The league will be split into two divisions beginning next season, when Nebraska becomes the 12th member. The Cornhuskers will be joined by Northwestern, Michigan, Michigan State, Minnesota and Iowa in the Legends Division. Wisconsin, Illinois, Indiana, Ohio State, Penn State and Purdue will comprise the Leaders Division.

At least, assuming those are still the names by then.

“We want to breathe a little bit,” Delany said. “I don’t think you make a judgment in 48 hours or 72 hours. Eventually we’re going to have to address the issue of whether or not it’s sustainable, but I don’t think that’s an issue for today.”

Delany said the conference chose the divisions based on parity, rather than geography, which made naming them East-West or North-South impractical. The Big Ten also considered using names of historic players or coaches, but Delany said that would have been “too limiting.”

The commissioner also said there was little consideration given to changing the conference name from the Big Ten, unlike in 1990, when Penn State became the 11th member.

Delany said university faculty, presidents and alumni supported keeping “Big Ten” and that it represents a brand rather than the number of institutions. The name change also would have affected the branding of the Big Ten Network, which launched in 2007.

“It’s humbling, to say the least, because we’re trying to build fan bases, not push them away,” Delany said of the uproar caused by the new division names. “I was surprised. I’ve been around this business a long time, and it’s one of the more surprising things.”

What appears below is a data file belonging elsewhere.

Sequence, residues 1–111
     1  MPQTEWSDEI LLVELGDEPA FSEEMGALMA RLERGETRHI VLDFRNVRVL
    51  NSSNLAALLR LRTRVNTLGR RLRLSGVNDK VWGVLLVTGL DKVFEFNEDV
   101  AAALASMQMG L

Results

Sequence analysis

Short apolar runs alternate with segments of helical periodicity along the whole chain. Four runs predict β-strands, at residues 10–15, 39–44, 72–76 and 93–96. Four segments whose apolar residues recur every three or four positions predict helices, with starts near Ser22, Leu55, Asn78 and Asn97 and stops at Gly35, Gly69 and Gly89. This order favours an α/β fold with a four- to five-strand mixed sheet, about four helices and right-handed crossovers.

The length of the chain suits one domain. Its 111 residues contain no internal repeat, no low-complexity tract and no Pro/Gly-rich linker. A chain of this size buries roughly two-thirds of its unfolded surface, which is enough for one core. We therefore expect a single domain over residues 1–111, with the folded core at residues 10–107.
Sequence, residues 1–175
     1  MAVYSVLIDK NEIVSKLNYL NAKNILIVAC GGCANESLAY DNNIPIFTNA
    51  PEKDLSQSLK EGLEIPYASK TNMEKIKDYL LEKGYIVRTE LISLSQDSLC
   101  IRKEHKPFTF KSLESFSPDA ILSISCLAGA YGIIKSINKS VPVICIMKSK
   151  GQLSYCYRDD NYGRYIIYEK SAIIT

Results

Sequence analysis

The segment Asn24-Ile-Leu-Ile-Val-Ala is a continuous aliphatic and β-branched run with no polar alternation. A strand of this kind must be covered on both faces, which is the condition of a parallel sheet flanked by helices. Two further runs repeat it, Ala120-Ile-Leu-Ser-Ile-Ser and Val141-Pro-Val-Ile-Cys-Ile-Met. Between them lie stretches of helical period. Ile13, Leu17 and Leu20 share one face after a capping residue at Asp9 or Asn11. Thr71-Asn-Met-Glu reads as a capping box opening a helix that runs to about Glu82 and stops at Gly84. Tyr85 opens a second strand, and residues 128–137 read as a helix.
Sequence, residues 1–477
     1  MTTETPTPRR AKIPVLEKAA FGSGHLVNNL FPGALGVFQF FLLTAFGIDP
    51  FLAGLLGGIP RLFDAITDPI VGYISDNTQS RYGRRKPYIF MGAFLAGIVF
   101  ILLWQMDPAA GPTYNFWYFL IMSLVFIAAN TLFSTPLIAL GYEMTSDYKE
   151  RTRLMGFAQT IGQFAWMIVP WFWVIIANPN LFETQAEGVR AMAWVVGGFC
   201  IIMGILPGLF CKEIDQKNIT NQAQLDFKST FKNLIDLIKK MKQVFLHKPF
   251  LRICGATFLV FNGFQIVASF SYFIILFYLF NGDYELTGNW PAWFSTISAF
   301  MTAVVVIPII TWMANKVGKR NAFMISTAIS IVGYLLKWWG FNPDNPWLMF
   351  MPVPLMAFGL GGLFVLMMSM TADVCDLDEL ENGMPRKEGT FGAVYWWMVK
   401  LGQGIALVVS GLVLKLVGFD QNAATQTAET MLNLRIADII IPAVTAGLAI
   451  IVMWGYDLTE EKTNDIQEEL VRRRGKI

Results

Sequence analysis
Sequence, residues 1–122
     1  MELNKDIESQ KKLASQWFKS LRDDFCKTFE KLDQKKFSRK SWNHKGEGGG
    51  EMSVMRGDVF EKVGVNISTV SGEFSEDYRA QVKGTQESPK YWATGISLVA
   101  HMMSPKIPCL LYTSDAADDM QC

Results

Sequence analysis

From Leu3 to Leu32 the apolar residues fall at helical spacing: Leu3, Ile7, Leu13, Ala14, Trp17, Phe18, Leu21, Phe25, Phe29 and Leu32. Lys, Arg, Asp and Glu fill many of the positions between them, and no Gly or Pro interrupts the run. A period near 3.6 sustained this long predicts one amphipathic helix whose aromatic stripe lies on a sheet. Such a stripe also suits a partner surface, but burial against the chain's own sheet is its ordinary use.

Jim Delany isn’t a dumb guy; but he’s also not an academic.  He’s a guy who sits in a corporate tower in Chicago at the Big Ten (plus 2) offices.

How the hell did he not focus group these names?

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Five Days My A**

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Pawlenty Wishes He Sought 3rd Term as Minnesota Governor

Yeah, it’s a real shame he’s got that Presidential run to fall back on.

Outgoing Minnesota Gov. Tim Pawlenty didn’t even hesitate.

“Yes,” he answered when asked by the News Tribune editorial board this week whether, after the Republicans took control of the Minnesota Legislature in the Nov. 2 election, he wished he had run for another term.

“If I would have known then what I know now,” the Republican lamented, and “given what I’ve been through and hoped to accomplish, but that (the DFL-controlled Legislature) blocked. But you can’t predict the future. And of course, I made my decision after the 2008 election when President Obama and the Democrats swept everything. I looked at that and (decided against) having to go over there and ram heads with (DFL Sen. Larry) Pogemiller and (DFL Rep. Margaret Anderson) Kelliher and their like. (There was a) high probability of that. Hindsight is 20/20.”